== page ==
The fallacy about a puppet show is that the puppeteer is in control of the entire show. People think that because they peel back the curtain, they’ve discovered the truth. This country’s history isn’t as simple as how the White puppeteer has portrayed it. There’s more to a puppet show than just a puppeteer. The truth of the matter is that in America, the puppeteer got his dialogue lines from Native Americans, the stage and puppets were made by Black People, the theater is owned by Mexicans, the audience members are comprised of Italians, Chinese, Muslims, Arab, South-Asians, Germans, Irish, and any other group your mind could fathom. But because White people control the puppet, they control the narrative. 

So now the question becomes, “How do we undo the narrative and tell the real story?” For us Muslims, the answer is easier said than done. The very creation of Islam was intended to give everyone of every color the freedom to equally worship Allah. You can’t be Muslim and be racist. End of discussion. There’s a story in the Quran that everyone knows and can quickly recall. Allah explicitly tells the story of the first instance of racism. It’s the story of Iblees. Allah showcases Iblees as a horrible creation, the worst of creation. The story of Iblees is that Allah told Iblees to prostrate to Adam (as) and Iblees refused. Iblees asked, “You made me out of fire and him out of a dark mud, is fire not better than mud?” Allah then predestined Iblees to the eternal hellfire because of his ignorance and jealousy. If that doesn’t show us Muslims what Allah thinks of racist people and where he sends racist people to, then I don’t know what will. So to answer the aforementioned question of how do we undo the narrative and tell the real story – we need to become more self aware. We need to not only be careful of what we say, but also how we teach our children the value of people other than ourselves. As the famous American school teacher Jane Elliott once said, “Racism is learned and the only way we can overcome it is by unlearning it.”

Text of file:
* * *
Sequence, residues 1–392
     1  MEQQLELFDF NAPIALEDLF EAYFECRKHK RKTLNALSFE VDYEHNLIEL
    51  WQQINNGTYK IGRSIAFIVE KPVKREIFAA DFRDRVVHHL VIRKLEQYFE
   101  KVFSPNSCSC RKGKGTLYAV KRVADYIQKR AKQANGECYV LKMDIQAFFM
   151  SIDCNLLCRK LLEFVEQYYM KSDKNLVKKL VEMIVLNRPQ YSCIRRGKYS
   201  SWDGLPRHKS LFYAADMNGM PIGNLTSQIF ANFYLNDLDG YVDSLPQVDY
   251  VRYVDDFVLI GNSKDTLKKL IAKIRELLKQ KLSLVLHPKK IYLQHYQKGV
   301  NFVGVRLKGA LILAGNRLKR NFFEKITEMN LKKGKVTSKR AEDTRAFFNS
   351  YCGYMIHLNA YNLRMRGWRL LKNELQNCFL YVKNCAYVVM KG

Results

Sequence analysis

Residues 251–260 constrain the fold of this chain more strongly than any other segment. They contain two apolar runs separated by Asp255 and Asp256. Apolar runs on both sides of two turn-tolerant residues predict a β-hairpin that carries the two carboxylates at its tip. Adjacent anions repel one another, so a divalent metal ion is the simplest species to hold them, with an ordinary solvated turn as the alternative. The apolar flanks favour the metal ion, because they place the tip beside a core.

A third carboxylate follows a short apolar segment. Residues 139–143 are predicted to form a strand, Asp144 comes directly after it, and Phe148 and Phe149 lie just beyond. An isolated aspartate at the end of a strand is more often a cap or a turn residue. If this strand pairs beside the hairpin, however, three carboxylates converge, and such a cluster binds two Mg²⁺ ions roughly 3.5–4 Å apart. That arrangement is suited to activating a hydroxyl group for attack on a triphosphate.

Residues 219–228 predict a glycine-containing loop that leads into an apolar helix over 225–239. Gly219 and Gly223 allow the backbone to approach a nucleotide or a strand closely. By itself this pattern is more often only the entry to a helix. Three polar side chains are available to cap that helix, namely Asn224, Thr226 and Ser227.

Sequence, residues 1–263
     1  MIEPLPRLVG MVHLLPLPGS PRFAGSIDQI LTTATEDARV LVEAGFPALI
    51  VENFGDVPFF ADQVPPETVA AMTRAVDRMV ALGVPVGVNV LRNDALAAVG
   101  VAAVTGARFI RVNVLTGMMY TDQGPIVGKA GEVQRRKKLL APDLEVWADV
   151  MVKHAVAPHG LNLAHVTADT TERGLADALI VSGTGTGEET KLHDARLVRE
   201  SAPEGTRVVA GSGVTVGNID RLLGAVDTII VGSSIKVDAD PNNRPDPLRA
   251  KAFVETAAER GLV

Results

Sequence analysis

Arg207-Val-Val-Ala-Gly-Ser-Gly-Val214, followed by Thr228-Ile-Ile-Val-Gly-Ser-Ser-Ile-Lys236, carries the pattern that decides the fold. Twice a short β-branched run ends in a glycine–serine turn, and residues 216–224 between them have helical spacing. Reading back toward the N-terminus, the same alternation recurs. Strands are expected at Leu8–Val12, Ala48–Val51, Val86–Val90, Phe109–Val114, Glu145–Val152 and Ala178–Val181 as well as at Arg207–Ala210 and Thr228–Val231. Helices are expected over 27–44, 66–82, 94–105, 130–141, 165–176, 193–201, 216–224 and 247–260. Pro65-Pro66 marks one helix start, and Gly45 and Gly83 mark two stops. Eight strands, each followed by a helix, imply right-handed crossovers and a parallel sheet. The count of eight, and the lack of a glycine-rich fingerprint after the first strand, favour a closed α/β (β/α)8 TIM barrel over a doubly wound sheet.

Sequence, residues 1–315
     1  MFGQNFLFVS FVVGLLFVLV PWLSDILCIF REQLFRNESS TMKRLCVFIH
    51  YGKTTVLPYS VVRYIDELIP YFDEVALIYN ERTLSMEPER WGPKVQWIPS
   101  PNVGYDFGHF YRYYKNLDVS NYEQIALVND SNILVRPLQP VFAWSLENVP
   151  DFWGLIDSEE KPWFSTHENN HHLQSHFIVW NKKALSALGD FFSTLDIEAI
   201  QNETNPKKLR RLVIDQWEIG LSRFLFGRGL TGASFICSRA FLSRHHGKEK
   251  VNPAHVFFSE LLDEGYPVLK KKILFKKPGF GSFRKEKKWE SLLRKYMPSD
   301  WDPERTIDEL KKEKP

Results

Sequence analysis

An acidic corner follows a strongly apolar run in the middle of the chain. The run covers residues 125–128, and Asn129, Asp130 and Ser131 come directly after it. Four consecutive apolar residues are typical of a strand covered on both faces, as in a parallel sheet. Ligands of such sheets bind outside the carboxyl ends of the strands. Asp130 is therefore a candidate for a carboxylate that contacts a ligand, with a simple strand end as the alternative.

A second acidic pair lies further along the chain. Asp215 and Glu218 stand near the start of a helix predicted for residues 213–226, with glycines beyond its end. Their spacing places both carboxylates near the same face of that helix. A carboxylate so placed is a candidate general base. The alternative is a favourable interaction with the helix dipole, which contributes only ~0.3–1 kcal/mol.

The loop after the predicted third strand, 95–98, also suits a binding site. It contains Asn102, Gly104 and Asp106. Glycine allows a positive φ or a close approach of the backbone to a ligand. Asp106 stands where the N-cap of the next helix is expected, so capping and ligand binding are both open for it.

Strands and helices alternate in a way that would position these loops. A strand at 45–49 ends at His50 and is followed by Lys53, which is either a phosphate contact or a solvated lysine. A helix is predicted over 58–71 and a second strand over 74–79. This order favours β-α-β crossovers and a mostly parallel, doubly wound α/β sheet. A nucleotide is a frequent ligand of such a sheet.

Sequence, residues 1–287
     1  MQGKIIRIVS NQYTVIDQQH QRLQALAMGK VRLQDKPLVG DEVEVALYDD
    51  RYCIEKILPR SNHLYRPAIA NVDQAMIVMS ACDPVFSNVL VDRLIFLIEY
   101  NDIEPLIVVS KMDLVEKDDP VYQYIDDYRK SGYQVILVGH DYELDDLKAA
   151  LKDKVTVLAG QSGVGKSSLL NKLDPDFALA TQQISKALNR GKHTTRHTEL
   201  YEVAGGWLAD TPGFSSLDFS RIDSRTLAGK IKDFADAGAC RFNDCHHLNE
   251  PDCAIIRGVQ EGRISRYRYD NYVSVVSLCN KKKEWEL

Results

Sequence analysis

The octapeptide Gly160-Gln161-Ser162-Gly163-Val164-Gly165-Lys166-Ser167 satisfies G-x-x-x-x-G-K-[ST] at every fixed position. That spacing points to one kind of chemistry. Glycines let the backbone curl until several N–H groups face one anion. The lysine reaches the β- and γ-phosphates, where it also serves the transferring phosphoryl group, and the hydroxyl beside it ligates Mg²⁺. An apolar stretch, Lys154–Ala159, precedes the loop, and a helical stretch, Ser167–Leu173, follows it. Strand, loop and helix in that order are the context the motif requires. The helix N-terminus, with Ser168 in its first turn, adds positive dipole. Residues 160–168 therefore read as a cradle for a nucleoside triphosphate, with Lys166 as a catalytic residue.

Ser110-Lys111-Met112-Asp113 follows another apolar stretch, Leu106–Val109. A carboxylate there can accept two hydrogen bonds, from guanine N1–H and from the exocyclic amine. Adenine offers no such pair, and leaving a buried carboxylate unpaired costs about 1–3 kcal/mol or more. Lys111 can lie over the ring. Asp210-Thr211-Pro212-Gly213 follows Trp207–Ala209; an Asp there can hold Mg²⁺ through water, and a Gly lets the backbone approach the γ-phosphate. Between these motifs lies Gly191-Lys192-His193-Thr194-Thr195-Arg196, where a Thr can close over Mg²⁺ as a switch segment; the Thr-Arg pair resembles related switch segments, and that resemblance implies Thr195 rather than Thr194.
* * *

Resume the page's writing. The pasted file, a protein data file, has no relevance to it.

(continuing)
We, as an Islamic society, have delved so deep into trying to fit into “American culture” that it has caused us to compromise our own culture and religion. I put “American culture” in quotations because to say that there is a solidified American culture is fundamentally incorrect. WE made American culture. America is the land of immigrants, WE are Americans. That self awareness of how valuable we are will allow us to confidently teach our children that EVERY race is just as valuable in building this country as the next. It’ll allow them to build better relationships with the Black community (both Muslim and non-Muslim) and help America come one step closer to being able to proudly sing:

“My country, ‘tis of thee, sweet land of liberty”.

Jamiel Abed is a computer engineering major at the University of Illinois at Urbana-Champaign and is a Palestinian. As a hobby, he takes on many forms of political activism, such as being elected as a student senator, organizing the Muslim youth of Chicago for sports events and volunteering, and creates content across multiple social media platforms where he uncovers social injustices.

Share on facebook
Share on twitter
Share on linkedin